Some albums were made to be blared at high volumes while in shorts and hopefully at a beach. They are the creations that capture the sound of being carefree; party-centric odes to long nights and late mornings, and these three are at the top of the list.
Widely hailed as one of the best live acts in music and one of the last remaining members of the 2000's garage rock revival, The Hives are set to unleash their new album Lex Hives on the masses on June 5 for the United States.
Garage rock bands are usually known for their effort, as opposed to their skill; more sweat than style, in other words. We listen to bands that take their act on the road day in and day out, taking few breaks and seeing roadies more than their families. Bands that leave their mark on the stage literally, with blood, sweat and maybe a few tears. Now other genres across music may be taking their cue from these road warriors.
Don't look now, but there may be a winner for the longest-lasting modern garage rock band, and it's a bit of a shock. Apparently, things made in Sweden just last longer. The Hives rode in on the same garage rock revival wave as the White Stripes, the Strokes and the Vines. However, unlike the other groups of the movement, the Hives never made the mistake of taking themselves too seriously.
Led by their three-headed guitar frenzy and unabashed Black Sabbath worship, Black Spiders have hit the ground running in the UK. Their debut album, Sons of the North, was met with critical and commercial approval across the pond last year, and the band were selected by Ozzy Osborne to open on Ozzfest's UK leg. More recently, they were just hand-picked by Thin Lizzy to open for a run of shows in May.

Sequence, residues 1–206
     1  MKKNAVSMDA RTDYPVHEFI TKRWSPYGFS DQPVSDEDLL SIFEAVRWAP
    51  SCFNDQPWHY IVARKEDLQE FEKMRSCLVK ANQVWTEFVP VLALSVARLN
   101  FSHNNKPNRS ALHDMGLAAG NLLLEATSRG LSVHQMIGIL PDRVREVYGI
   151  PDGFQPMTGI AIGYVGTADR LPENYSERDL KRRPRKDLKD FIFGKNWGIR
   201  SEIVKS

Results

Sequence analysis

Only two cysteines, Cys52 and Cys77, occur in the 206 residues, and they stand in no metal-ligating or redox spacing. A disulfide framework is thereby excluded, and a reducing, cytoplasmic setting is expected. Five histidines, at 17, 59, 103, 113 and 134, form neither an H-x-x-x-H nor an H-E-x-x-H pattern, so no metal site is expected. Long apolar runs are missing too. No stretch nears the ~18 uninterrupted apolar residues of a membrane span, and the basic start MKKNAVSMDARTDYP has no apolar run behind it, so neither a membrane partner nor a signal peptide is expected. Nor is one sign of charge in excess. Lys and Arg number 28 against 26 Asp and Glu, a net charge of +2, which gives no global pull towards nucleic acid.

It seems fitting that my first review to be featured in my Oil Slick blog -- a blog about garage rock -- addresses a solo album by one of the genre's most prolific artists, Jack White -- even though he has already removed himself from the landscape his guitar helped carve.
Remember the early part of the 2000s? The time when every critic and their brother was saying this was going to be the "Age of Garage Rock?" Artists like the Strokes, the Vines, the Hives, the White Stripes (plus the rest of Detroit) and the Black Keys were all breaking onto the scene, leading many to proclaim we had entered into a golden era in raw riffage.
Iggy Pop's recent proclamation about bands today being a bunch of “cheap drinks” you can find at a supermarket got me thinking. But much like Homer Simpson, when I think of a drink, my brain goes directly to beer. If artists today are a bunch of drinks, what kind of beers are they, exactly?
Musicians are just like normal people, and, like us, they run into people throughout their lives who just annoy the hell out of them. However, musicians don't need to resort to passive aggressive Facebook posts to voice their frustrations. Here are three of the harshest character critiques via song.
Two thousand eleven has officially switched from happening to happened. In the music world, there was some good stuff in 2011, some bad and a whole lot of "meh." Because reminiscing is only acceptable this time of year (and all of my album picks have already been covered by two or 20 sites from around the Internet), these are the events from '11 that will be remembered months from now.